If you use Google Analytics you may have noticed a new report called Cohort Analysis.
This report helps you segment your data based on a date. Rather than looking at the individual user, Cohort Analysis looks at the patterns of groups of users that share common characteristics, attributes or experience.
How to use the Cohort Analysis Report
First, select a dimension in the Cohort Type. This is very straightforward as at present you only have one option, “Acquisition date”.
Next, select the Cohort Size. The cells show the number of users as a percent for the given time period. The darker the cell colour, the greater the percentage of cohorts. The top row shows the average for all cohorts relative to the time period. By selecting the dropdown next to “Acquisition date cohorts by user retention” you can compare up to four cohorts at a time.
Regardless of how large your date range is you will always see 12 columns. This is because the longer the time period the fewer insights you will get so there is little value of having more than 12 columns.
Cohort Analysis for Analysing Pay Per Click Device Traffic
By applying advanced segments to the Cohort Analysis report you can start to get some good data. Below shows a simple example of analysing customer retention for different device traffic.
We can extend this simple example by modifying existing system advanced segments to illustrate how different devices interact with AdWords pay per click traffic.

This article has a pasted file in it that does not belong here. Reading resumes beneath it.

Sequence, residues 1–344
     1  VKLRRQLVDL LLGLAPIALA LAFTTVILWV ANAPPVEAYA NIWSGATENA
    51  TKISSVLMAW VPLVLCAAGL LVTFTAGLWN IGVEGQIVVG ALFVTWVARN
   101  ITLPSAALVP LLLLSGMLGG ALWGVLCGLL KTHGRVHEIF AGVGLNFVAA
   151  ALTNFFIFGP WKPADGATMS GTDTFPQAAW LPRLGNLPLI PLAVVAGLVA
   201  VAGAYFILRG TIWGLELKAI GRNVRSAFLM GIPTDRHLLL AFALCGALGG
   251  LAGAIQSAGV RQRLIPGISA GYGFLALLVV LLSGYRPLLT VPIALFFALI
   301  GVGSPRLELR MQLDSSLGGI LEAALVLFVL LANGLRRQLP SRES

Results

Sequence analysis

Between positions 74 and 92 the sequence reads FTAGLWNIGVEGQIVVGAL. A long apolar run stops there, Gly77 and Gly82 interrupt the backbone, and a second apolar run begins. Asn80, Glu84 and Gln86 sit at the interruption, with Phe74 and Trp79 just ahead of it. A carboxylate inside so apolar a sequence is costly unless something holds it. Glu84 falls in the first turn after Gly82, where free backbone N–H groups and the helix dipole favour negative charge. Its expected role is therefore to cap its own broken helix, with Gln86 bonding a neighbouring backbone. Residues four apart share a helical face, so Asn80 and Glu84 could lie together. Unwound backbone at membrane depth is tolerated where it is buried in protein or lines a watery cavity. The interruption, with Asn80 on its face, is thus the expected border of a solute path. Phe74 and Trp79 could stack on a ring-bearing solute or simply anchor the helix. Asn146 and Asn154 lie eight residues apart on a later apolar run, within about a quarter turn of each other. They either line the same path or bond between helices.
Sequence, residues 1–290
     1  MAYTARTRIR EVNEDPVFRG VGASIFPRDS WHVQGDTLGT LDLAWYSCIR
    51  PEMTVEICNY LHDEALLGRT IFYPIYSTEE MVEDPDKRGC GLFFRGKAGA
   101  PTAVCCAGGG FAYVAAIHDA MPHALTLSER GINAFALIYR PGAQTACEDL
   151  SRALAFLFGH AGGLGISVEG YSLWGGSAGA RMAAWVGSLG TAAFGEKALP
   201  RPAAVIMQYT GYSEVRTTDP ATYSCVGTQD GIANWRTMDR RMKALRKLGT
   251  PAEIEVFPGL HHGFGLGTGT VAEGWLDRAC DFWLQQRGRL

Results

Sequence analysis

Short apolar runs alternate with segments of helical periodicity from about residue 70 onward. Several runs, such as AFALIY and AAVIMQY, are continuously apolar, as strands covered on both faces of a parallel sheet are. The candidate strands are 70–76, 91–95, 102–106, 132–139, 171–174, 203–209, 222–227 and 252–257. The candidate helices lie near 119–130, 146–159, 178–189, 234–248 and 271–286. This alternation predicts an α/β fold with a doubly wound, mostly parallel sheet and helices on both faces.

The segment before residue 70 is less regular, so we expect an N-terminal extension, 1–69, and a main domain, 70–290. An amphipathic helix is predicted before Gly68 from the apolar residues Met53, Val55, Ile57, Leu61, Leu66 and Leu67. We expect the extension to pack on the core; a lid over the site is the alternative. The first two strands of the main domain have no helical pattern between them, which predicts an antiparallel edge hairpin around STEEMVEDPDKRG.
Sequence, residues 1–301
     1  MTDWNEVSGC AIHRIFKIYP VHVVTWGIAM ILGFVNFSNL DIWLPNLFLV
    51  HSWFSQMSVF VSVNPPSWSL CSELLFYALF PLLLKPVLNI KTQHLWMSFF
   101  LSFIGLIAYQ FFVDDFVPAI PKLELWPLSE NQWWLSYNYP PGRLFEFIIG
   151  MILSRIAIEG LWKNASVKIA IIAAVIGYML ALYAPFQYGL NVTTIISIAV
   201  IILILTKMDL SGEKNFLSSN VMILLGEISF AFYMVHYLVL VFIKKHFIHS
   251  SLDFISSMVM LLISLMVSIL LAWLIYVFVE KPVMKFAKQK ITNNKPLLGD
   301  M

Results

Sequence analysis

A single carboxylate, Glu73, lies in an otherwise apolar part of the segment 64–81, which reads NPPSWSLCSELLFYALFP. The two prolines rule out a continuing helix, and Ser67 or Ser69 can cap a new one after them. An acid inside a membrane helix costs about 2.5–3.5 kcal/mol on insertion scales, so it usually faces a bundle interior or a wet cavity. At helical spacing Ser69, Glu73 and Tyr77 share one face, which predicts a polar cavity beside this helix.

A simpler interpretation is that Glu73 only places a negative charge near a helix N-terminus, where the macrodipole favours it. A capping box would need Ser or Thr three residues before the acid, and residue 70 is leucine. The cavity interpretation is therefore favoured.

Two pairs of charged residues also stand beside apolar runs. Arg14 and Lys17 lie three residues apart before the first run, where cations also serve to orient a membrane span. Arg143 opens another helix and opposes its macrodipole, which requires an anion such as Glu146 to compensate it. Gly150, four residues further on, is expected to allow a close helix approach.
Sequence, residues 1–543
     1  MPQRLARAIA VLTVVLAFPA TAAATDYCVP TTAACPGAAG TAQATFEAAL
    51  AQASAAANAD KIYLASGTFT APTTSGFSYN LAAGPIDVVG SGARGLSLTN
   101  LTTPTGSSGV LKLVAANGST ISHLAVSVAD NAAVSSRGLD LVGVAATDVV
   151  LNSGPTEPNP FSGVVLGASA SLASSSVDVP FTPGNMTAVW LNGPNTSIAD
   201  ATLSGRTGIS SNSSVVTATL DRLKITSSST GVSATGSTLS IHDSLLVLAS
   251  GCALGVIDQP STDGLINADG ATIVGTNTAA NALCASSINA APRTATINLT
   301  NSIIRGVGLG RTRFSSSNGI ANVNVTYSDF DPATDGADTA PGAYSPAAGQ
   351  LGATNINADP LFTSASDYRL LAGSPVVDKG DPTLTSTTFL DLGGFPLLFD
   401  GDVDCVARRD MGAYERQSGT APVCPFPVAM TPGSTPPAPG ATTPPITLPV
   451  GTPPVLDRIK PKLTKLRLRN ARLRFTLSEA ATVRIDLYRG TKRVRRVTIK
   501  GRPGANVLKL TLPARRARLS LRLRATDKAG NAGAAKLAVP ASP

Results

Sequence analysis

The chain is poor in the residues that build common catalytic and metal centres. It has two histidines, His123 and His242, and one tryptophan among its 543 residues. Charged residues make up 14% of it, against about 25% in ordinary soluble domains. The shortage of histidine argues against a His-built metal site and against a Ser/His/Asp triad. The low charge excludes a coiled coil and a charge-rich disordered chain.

Copy the existing mobile and tablet advanced segments and add and additional condition where source / medium = google / cpc.
Copy the existing system’s “Mobile and Tablet Traffic” advanced segment. On the top filter change “Include” to “Exclude”. We have now excluded all mobile and tablet traffic which means it is only showing traffic from PCs.
When you apply your new advanced segments you should be able to see this:
From the results above we can see that by day five user retention for PCs has all but dried up. Tablet traffic has the highest retention (1.31%) followed by mobile traffic (0.26%).
What does this tell us? This suggests that people are comparison shopping using mobile and tablet devices and then using their PCs for the final conversion. You can see this behaviour when you look at transactions by device for the same time period. The table below shows us that the bulk of purchases come from PCs on the first day.
We can double check this finding by using the Multi-Channel Funnel reports.
In the report above mobile has an “Assisted / Last Click or Direct Conversions” score of 0.68 compared to desktops that have a score of 0.57. As the desktop figure is closer to zero this tells us that these devices convert more than they assist, which is what we would expect. Tablets are less of a “last converter” but there are still a sizable amount of last conversions from these devices.
Cohort Analysis Impact on Paid Search Strategy
So in terms of strategy how can this information help us? We would first recommend looking at costs. In the case of this website the mobile cost per conversion is far too high. Having now looked at the data we can see that this traffic is still important. It tells us that undecided customers are coming to the site via mobile.
What we need to do is to set a bid adjustment to reduce the costs by about -5%. We wouldn’t recommend reducing your spend further until you have about two weeks of data. If your costs are still high, reduce it by a further -5%. What you don’t want to do is to totally reduce mobile traffic as this can kill your overall conversions.